“The reason I write this,” Hester told his codefendants, “is to let you know that before I die I will relate these facts and the false perjury that has been sworn against me. I do declare and will declare that I am not guilty of the murder of A. W. Rea, that I never got up that job or plot that has been sworn against me and that both of you know.”

Hester had been a respected leader within the Irish Catholic community. This grandfather had credibility. If he issued a dying statement from the gallows, many would believe him.


As Hester prepared his declaration, John Kehoe, alleged “King of the Molly Maguires,” was gathering momentum to stay the signing of his death warrant. With Hester’s published letter of innocence, Franklin Gowen risked losing even more support for his ongoing prosecutions.

If Hester gave a statement from the gallows, newspapermen would record it for publication. A wider populace might then give credence to what the regional Irish Catholic population already believed: that many, if not all, of the AOH men hanged as “Molly Maguires” were innocent of the crimes charged against them. Gowen’s “Molly Maguire” juggernaut might be halted.

A large crowd gathered for the Bloomsburg executions. Those who came to gawk at death by strangulation were fairly assured that event would take place not once, but three times. But even those spectators were likely unaware of the plan concocted to thwart Hester’s effort to issue his final statement.

A Philadelphia daily reported the scene from the gallows: “The priests recited the offertory rapidly, while from the window of the cell that McHugh had just left a party of young girls, admitted by a Coal and Iron policeman, laughed and chattered.”

“We do not know who they were nor do we wish to,” a Bloomsburg newspaper said of the women. “They were probably among those who are a disgrace to their sex.”

Whatever the occupation of the women admitted to McHugh's cell in Bloomsburg Prison by one of Gowen's private policemen, they made themselves useful as Hester spoke his last words. “The girls from the cell window chattered louder,” the Philadelphia paper reported. Whatever Hester tried to impart, no one in the crowd heard his words clearly. The commotion the women created succeeded. No newspaper could give a clear account of Hester’s dying statement.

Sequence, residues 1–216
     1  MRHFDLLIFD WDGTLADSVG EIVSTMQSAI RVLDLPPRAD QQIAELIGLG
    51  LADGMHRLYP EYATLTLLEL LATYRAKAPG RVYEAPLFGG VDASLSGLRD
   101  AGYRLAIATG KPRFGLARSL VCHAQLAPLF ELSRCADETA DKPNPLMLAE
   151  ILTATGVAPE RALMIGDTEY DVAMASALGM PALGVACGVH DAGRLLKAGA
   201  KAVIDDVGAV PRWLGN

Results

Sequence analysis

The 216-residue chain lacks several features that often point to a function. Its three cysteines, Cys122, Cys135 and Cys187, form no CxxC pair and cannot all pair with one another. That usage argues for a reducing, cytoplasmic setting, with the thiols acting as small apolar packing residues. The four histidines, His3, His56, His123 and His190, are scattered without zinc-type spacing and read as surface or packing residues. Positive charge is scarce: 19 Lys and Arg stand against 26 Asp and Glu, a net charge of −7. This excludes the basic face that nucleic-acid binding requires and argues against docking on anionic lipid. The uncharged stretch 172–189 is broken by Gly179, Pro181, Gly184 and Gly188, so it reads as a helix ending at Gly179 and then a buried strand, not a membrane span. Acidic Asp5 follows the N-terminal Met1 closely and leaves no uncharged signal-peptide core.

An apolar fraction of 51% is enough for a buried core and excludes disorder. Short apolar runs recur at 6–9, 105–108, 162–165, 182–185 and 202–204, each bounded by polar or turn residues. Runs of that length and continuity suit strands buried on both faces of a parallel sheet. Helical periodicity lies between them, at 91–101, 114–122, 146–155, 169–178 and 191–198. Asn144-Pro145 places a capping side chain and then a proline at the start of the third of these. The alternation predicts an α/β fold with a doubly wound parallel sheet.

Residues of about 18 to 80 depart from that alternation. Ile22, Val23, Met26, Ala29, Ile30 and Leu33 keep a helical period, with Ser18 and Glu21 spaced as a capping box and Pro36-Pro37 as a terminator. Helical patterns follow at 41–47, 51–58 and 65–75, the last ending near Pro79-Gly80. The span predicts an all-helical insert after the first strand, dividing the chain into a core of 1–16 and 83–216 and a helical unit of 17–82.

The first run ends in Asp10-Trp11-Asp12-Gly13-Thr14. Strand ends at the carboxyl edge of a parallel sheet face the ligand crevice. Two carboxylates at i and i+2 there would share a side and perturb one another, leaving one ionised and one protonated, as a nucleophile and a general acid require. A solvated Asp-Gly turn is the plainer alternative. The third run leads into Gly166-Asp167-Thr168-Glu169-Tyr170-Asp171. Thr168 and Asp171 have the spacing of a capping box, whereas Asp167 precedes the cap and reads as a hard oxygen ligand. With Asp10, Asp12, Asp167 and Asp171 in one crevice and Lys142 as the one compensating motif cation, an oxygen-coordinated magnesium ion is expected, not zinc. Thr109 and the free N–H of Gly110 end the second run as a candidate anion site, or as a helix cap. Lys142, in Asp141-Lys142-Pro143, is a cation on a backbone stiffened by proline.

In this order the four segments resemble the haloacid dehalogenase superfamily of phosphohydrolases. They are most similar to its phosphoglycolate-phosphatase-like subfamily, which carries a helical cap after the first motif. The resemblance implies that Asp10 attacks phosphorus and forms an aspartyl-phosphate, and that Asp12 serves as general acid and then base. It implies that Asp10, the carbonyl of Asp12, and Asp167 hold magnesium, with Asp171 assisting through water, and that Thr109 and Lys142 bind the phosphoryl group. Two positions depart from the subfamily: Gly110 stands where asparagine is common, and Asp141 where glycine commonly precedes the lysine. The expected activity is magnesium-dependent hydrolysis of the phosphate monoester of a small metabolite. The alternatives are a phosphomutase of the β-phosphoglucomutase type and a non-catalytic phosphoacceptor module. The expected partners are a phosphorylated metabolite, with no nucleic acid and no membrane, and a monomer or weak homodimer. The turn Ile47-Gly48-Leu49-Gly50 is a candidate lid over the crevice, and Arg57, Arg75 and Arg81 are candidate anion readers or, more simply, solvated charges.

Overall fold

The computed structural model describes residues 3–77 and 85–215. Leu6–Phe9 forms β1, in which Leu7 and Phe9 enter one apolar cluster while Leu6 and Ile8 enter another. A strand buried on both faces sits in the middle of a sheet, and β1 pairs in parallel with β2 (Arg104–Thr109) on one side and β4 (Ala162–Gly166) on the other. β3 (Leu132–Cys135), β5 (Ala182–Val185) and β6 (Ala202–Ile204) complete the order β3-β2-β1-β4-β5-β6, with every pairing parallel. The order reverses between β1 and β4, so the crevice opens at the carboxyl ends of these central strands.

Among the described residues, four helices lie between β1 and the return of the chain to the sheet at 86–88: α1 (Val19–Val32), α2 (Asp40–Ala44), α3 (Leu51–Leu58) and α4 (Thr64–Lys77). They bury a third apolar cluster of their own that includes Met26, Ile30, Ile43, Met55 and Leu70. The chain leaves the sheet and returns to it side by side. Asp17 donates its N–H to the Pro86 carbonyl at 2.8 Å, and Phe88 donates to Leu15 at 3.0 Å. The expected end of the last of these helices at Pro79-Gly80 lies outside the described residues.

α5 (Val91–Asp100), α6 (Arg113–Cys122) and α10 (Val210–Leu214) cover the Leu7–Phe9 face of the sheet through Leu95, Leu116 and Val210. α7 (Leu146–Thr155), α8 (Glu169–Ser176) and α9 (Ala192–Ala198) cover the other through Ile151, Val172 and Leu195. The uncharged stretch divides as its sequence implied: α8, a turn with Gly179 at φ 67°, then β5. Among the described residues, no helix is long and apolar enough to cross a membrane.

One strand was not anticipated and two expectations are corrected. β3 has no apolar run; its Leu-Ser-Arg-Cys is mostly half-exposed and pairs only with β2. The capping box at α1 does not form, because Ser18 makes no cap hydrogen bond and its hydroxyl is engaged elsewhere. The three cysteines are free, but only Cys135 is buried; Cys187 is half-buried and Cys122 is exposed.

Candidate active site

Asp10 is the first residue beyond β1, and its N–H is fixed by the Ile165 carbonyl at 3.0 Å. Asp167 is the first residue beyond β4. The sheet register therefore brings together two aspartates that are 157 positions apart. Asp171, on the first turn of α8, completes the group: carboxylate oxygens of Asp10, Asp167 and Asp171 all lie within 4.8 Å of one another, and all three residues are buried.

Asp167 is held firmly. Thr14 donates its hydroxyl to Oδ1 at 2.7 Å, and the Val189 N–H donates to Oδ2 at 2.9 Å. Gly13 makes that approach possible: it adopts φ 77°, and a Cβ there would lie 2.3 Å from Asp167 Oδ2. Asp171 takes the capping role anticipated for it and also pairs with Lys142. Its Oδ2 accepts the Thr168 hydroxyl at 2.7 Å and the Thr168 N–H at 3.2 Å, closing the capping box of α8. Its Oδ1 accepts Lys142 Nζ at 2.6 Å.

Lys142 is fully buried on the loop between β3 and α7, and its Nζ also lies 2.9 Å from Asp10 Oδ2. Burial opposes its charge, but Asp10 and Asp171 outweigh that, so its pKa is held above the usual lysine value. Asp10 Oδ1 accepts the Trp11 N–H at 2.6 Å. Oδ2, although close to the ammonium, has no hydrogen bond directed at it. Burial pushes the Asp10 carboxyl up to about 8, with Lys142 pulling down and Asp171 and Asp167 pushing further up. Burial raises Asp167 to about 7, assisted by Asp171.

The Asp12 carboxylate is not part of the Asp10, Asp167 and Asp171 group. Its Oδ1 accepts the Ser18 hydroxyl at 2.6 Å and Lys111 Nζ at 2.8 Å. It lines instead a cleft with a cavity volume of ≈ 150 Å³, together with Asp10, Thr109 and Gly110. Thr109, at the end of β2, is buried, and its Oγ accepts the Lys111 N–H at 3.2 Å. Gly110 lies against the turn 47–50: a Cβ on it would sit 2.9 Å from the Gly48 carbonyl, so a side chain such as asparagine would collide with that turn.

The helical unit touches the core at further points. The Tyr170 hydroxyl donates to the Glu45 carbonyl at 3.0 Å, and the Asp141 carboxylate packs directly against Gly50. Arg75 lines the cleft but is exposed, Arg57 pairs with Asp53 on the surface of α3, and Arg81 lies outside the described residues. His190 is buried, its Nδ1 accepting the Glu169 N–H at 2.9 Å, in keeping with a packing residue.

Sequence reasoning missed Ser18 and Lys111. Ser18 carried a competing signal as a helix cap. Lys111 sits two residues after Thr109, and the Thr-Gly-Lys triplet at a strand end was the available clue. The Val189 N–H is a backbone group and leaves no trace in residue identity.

“[M]ay God direct every one to do what is right, and may God forgive them that is [sic] the cause of my being here,” Hester had written two days before to McHugh and Tully. “What I feel most sorry about is my poor family to be left desolate, poor and forlorn … And as for death, I am not afraid, for I am almost tired of this sinful world, for they are after my life these good many years. All that troubles me about dying is to die of what I am not guilty of, and that both of you know, and may God in His mercy do what is just and right to all.”

Of Hester’s last words, the Chicago Tribune recorded only this statement: “As God is my witness I am innocent.”

It is doubtful, given what Pennsylvania’s Irish Catholics had endured by this time, that even the use of the "chatter" of prostitutes to obscure Hester’s dying declaration would have surprised him.


Coming July 15, 2011 — "The Stories Were All Lies": Pinkerton, McParlan and Sherlock Holmes Tell a Tale of the "Molly Maguires"